With respect to non-EU judgments the COCP provides that any judgment delivered by a competent court outside Malta and constituting a res judicata may be enforced by the competent court in Malta as long as the judgment: is not contrary to Maltese public policy or internal public order; has not been given in default if the parties are not contumacious according to foreign law; may not be set aside on any of the grounds mentioned in Article 811 of the COCP (these grounds are tackled later on in this questionnaire).

How are foreign judgments subject to appeal treated?

Brussels I Regulation & Lugano Convention
With respect to judgments which fall under the Brussels I Regulation and the Lugano Convention the Maltese court may stay the proceedings if an ordinary appeal against the judgement has been sought (Article 37).

Brussels I Recast Regulation
Regarding judgments which fall under Brussels I Recast Regulation, the Maltese court may suspend the proceedings in whole or in part if the judgment is challenged in the Member State of origin (Article 38 (a)).  Any interested party may also file an application requesting that the enforcement of the judgment is refused, and once the decision is given a party may appeal. The court that hears the appeal may stay the proceedings if an ordinary appeal has been lodged against the judgment in the Member State of origin (Article 51).

Non-EU Judgments
In accordance with Article 826 of the COCP any judgment delivered by a competent court outside of Malta has to be a res judicata in order for enforcement to occur.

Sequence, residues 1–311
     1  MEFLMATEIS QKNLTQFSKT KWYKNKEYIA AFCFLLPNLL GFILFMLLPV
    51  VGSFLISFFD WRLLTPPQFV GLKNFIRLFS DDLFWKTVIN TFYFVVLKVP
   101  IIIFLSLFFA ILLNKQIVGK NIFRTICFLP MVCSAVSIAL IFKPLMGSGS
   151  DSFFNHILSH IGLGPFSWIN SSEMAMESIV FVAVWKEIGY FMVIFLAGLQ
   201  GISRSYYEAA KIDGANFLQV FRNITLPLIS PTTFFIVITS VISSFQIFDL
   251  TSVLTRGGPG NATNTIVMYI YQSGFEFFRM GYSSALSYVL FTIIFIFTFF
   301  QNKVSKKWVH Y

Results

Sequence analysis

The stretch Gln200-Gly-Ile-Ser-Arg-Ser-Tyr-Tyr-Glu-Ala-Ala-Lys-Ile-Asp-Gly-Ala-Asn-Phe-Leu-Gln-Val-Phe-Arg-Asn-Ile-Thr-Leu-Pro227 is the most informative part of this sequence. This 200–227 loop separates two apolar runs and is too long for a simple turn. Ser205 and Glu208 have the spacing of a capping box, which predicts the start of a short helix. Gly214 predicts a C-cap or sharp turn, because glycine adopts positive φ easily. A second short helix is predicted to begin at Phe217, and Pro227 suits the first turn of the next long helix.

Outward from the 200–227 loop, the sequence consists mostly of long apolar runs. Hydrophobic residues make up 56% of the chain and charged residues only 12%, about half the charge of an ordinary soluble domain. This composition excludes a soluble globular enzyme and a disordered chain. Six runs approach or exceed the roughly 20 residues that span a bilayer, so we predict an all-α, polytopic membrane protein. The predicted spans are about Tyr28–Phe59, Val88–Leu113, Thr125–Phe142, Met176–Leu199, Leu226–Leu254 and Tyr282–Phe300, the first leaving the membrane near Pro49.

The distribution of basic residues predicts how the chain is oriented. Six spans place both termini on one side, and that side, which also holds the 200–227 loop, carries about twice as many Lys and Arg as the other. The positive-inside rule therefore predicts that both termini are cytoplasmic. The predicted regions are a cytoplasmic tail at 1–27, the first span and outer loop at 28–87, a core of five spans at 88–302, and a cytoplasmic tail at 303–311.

Formal requirements

What are the formal and documentary requirements for recognition and enforcement of foreign judgments?

Brussels I Regulation & Lugano Convention
With respect to judgments which fall under the Brussels I Regulation and the Lugano Convention, the following documentation is required:

  • an application before the First Hall Civil Court, requesting the court for recognition and enforceability of the judgment;
  • an authenticated copy of the judgment and authenticated translation in the English or Maltese language;
  • the certificate in the form in Annex V which is issued by the court of the Member State where the judgment was given (Article 54).

Brussels I Recast Regulation
A judgment given in a Member State shall be recognised in the other Member States without any special procedure being required. A person who wishes to enforce a judgment must provide the court with the following documentation:

  • a certified copy of the judgment;
  • certificate issued by the state of origin that certifies the enforceability and stipulates the details of the judgment;
  • certified translations into the English or Maltese language.

Non-EU judgments
With respect to judgments pronounced by jurisdictions which are not party to the afore-mentioned Regulations or Convention the following documentation is required:

  • an application filed before the court requesting the court for recognition and enforceability of the judgment;